The Next Wave of the Tsunami

By TAN Kee Wee
(MediaCorp 938LIVE’s Money Talks, Thursday, 13 August 2009, 7.50 am and 7.20 pm)

Most of us love to walk along the exposed beach at low tide, scurrying back on shore before the tide returns.

In the morning of December 26, 2004, Tilly Smith, the 10-year-old English schoolgirl was doing exactly that with her family. They were on a holiday in Phuket in Thailand.

But that morning, Tilly Smith noticed something very different about the ocean. It was foaming, kept coming in, and wasn’t behaving normally. It reminded her of a lesson on tsunamis she learnt at school recently.

She went hysterical as she desperately tried to convince everyone of the approaching tsunami. Fortunately for all at the hotel where she stayed, they listened and ran away from the beach.

The tsunami came, killing a quarter-million people around the world that day. But at the Smith’s hotel, no one died.

The Indonesian tsunami, like all tsunamis, was a series of waves. Depending on the landscape, the time interval between each wave could be between tens of minutes to more than an hour. Usually, the third or fourth wave is the most devastating.

I tell this story because when stock markets crash, they also crash in a series of waves. The Wall Street Crash of 1929 was like this. It began in October 1929 with the Dow falling some 50%.

Over the next three years, between October 1929 and July 1932, there were six bear rallies, with four of them registering gains of some 30%. But each rally came from a lower base. The market finally bottomed in July 1932. By then, the Dow was down some 90%.

Of course, this time round, it’s different, so we tell ourselves. The bulls claim the latest data suggest that the global economy is at a big turning point upwards. For instance, US job losses slowed in July. And the US economy fell slower in the spring quarter.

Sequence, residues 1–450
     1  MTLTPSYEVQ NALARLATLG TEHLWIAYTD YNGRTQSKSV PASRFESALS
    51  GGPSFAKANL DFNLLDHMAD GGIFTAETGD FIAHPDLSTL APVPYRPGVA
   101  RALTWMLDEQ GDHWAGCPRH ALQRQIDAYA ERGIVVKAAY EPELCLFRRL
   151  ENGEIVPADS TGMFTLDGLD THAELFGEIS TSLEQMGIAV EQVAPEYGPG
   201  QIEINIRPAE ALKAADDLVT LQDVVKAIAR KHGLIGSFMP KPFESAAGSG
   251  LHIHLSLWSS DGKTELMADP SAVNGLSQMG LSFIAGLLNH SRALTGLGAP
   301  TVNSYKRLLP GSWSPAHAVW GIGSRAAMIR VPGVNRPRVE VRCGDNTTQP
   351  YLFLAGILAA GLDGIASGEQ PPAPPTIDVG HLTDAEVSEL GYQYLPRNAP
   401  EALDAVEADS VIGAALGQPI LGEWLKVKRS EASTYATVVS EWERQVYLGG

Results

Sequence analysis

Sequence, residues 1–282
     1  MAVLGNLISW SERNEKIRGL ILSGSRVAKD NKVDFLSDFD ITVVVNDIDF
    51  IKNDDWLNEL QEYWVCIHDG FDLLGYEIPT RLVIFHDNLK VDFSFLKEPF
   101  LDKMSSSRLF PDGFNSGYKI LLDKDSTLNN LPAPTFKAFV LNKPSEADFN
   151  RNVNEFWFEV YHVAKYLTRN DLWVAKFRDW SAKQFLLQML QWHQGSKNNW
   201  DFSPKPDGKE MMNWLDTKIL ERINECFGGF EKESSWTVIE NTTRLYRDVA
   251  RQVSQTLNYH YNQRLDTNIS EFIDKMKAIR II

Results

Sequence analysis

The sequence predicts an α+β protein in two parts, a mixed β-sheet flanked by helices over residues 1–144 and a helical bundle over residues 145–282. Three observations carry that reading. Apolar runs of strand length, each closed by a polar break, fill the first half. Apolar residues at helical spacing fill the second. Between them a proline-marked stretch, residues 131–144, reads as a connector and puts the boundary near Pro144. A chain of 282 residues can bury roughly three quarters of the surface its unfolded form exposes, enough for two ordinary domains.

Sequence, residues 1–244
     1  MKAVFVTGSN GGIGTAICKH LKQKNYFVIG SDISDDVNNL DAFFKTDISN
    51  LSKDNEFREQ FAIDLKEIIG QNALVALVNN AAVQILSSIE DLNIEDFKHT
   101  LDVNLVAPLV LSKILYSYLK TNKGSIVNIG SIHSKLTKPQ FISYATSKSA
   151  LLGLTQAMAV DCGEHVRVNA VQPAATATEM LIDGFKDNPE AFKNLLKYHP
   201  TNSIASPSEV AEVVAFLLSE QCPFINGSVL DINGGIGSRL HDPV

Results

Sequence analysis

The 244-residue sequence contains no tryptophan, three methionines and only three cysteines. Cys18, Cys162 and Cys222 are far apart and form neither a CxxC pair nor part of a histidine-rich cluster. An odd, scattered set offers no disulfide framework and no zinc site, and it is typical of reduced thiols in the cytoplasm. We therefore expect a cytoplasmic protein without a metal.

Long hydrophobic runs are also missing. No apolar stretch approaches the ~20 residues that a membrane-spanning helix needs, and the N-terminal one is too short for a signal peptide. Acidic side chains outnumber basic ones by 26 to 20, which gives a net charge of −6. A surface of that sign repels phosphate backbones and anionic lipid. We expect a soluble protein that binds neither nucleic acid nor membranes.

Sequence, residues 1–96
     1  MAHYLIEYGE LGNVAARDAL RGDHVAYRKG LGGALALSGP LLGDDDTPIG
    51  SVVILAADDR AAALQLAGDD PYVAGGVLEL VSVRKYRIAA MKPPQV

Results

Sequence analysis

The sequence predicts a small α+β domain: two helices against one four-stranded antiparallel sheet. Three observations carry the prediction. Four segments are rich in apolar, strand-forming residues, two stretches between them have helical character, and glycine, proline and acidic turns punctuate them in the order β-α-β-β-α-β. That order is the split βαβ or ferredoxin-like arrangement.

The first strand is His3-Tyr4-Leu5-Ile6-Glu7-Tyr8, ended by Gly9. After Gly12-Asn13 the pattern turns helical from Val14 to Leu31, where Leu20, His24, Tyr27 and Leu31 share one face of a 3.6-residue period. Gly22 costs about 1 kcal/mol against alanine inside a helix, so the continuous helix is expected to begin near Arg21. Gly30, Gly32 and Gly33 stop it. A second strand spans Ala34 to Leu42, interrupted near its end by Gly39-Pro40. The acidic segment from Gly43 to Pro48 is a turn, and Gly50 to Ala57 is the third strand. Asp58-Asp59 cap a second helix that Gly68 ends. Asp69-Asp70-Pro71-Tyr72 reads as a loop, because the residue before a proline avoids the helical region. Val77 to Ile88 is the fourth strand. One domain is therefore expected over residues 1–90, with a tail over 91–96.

Actually, the figures are only telling us that “the ship is sinking more slowly”. But don’t be fooled. The ship is still sinking.

I say this because there are still many potholes dragging down the US economy. One of them is the US housing market. This was the epicenter of the global credit crunch. And it has not gone away.

For example, about US$750 billion worth of Option Adjustable Rate Mortgages were issued between late 2004 and 2008. These popular loans offered low payments before resetting at higher rates not more than five years later. This five year grace period is expiring from this autumn. Many won’t be able to pay up.

This could be one of the possible triggers for another major dip in global stocks. Another major cause for concern is the buying frenzy sprouting around us. The end of this bear rally must be near.

If I were to put on my pessimistic hat, my mathematical model shows that such a major dip should come in the last three months of this year.

Like the British schoolgirl Tilly Smith, my sense is that something is not right with the markets. Of course, my conviction is not as strong as hers. That’s because economics is not an exact science. I’ll probably be proved dead wrong. But if I am right, I will buy you coffee when we meet.